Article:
Daily Bell: Tell us about the controversy regarding the FEE presidency. Do you think you handled it well? Do you think FEE did?

Mark Skousen: I was ambitious in trying to make FEE a household name like Cato or Heritage, and so I tried to expand rapidly by buying Laissez Faire Books, and organizing the first FEE National Convention in Las Vegas. The FEE convention was a huge hit, with over 850 attendees, and the board members seemed to be impressed. Then I decided to invite Rudy Giuliani, "America's Mayor," to address our annual Liberty Dinner in New York City. I rented out the Hilton ballroom, which holds 2000 people, and quickly raised the funds to pay for Giuliani to speak. But some members of the board objected to Giuliani, who wasn't a libertarian. My attitude was, he's "America's Mayor," and by inviting him, I could introduce thousands of people to FEE. Some board members didn't see it that way and a fight ensued, eventually it resulted in my dismissal as the president of FEE.

FEE is a great institution and I still support it financially, and I'm glad I had the experience. In fact, out of the FEE convention came my idea of doing FreedomFest every year in Las Vegas, and FEE is a now regular sponsor of the event along with all the other major think tanks. The Freeman, FEE's flagship monthly, is a great publication and deserves a wider audience, and if I had remained president, I would have worked hard to increase its circulation. Richard Ebeling and Larry Reed, the two presidents who have succeeded me, have done an excellent job in promoting and expanding FEE.

Daily Bell: What do you think of Larry Kudlow? Is he right about supply-side economics?

Mark Skousen: Larry is an excellent spokesman for supply-side economics and Wall Street, and I agree with him on tax cuts, globalization and deregulation, but I'm not too keen on his support of the war in Iraq, and his tendency to favor easy-money policies by the Fed. He spoke last year at FreedomFest, along with other supply siders (Steve Forbes and Steve Moore).

Daily Bell: Should the Federal Reserve be abolished?

Mark Skousen: The Fed has done a lousy job of maintaining a stable monetary policy, either in terms of the natural rate of interest and the money supply. But it's easier to be a critic than to be a creator of an alternative monetary system. I did my Ph.D. dissertation on the classical gold standard, under the influence of Murray Rothbard, and I think the price of gold should play a very strong role in Fed decision making. (The fact that it has doubled in price since Bernanke became Fed chairman is not a good sign.) I think it's still possible to have a set of "rules, not authority" in central banking – a monetarist rule and allowing interest rates to rise and fall naturally in the market place rather than being manipulated by the Fed. But the key indicator of stability is the price of gold. A stable gold price means the Fed is doing the right thing, a sharply higher price suggests otherwise.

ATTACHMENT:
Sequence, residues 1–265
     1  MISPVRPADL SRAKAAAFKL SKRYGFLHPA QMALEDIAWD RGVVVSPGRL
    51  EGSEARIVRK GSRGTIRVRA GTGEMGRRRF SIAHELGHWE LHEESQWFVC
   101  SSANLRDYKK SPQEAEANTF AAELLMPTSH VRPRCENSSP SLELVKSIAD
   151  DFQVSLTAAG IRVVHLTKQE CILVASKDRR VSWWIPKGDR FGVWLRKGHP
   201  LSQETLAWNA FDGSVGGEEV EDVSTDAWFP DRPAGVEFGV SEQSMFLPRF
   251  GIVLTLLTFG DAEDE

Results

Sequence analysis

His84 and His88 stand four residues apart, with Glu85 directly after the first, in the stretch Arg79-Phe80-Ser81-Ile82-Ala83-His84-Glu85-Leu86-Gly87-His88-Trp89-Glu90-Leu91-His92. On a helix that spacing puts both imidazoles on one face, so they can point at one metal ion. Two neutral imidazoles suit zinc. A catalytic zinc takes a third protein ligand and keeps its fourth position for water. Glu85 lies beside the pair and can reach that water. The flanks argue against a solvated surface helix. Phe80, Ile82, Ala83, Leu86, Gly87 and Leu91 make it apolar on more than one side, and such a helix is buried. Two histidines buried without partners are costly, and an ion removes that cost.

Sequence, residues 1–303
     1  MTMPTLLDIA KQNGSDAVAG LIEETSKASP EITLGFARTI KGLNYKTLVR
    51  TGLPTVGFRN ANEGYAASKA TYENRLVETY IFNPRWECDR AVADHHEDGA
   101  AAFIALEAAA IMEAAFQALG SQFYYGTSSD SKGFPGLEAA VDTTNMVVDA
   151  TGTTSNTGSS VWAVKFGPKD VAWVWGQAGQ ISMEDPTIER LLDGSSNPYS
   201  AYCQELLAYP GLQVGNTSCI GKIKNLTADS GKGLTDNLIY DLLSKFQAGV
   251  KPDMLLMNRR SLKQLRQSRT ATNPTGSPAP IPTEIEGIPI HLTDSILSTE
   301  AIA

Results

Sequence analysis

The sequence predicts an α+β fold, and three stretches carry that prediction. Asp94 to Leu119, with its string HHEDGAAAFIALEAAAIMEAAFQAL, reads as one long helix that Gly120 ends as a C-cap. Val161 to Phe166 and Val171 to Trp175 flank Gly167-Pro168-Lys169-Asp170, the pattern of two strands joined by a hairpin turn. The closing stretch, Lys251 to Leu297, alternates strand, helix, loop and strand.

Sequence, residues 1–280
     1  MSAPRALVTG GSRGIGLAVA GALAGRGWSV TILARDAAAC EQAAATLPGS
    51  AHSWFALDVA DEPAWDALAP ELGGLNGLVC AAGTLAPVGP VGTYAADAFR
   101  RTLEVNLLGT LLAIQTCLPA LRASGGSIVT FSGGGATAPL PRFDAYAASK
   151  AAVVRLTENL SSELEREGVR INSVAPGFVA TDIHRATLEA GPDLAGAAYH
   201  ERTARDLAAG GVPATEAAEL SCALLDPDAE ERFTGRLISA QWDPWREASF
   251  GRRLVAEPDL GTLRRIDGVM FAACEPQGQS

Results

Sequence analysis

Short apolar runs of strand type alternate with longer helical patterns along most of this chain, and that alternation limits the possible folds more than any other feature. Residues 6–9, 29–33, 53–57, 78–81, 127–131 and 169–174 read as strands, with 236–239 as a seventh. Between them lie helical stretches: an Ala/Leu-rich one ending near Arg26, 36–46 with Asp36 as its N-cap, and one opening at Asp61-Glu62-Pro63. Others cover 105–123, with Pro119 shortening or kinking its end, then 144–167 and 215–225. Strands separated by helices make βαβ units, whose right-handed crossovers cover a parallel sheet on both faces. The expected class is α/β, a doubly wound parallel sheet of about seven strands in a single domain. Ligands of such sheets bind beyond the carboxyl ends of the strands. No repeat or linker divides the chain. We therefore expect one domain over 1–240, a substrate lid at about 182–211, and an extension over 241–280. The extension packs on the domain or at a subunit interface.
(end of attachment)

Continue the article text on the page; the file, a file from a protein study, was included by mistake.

Daily Bell: Are you in favor of nationalizing banking as Ellen Brown is?

Mark Skousen: I certainly think we could learn a lot by examining the national banking policies in Canada, Australia, New Zealand, and other countries known for their sound systems. You know, the financial crisis was largely caused by the US, not by foreign banking systems.

Daily Bell: What is the state of education about economics in America and the west in general?

Mark Skousen: Microeconomics is doing pretty well, with popular textbooks by free market economists Robert LeRoy Miller, James Gwartney, and Pete Boetttke, but the biggest problem is in macroeconomics. The Keynesian Aggregate Supply – Aggregate Demand (AS-AD) model is really A SAD model which failed miserably to predict this last financial crisis, and needs to be replaced. (I propose using my the Wicksell-Mises "natural rate of interest" hypothesis plus the Austrian structure of production model I develop more completely in my book The Structure of Production and my textbook Economic Logic.) Economics textbooks also need to move away from their support of the welfare state, progressive taxation, and the idea that "increasing liquidity" is the answer to all crises.

Daily Bell: What is your take on Austrian economics?

Mark Skousen: I thought it was making real progress until I noticed that nobody gave the Austrian school credit for predicting the 2008 financial crisis, even though it was clearly an unsustainable asset bubble, as the Austrians predicted. I guess we didn't have a big name like Mises and Hayek who were out there predicting the crash. Those who did predict the crash included Robert Shiller, a neo-Keynesian, and Nouriel Roubini, an NYU professor not connected with the Austrians. The closest we came was Peter Schiff, but he is a Wall Streeter, not an academic.

Daily Bell: Why is Keynes still popular?

Mark Skousen: Because a vast number of economists, government leaders and media blame the "inherent instability" of free market capitalism for a financial crisis, the basic thesis of Keynes. Plus Keynes is the chief advocate of running deficits and injecting liquidity as the best remedy for a financial collapse. It has great appeal during a crisis. Nobody wants to suffer the full pain of a financial collapse and the massive unemployment accompanying it.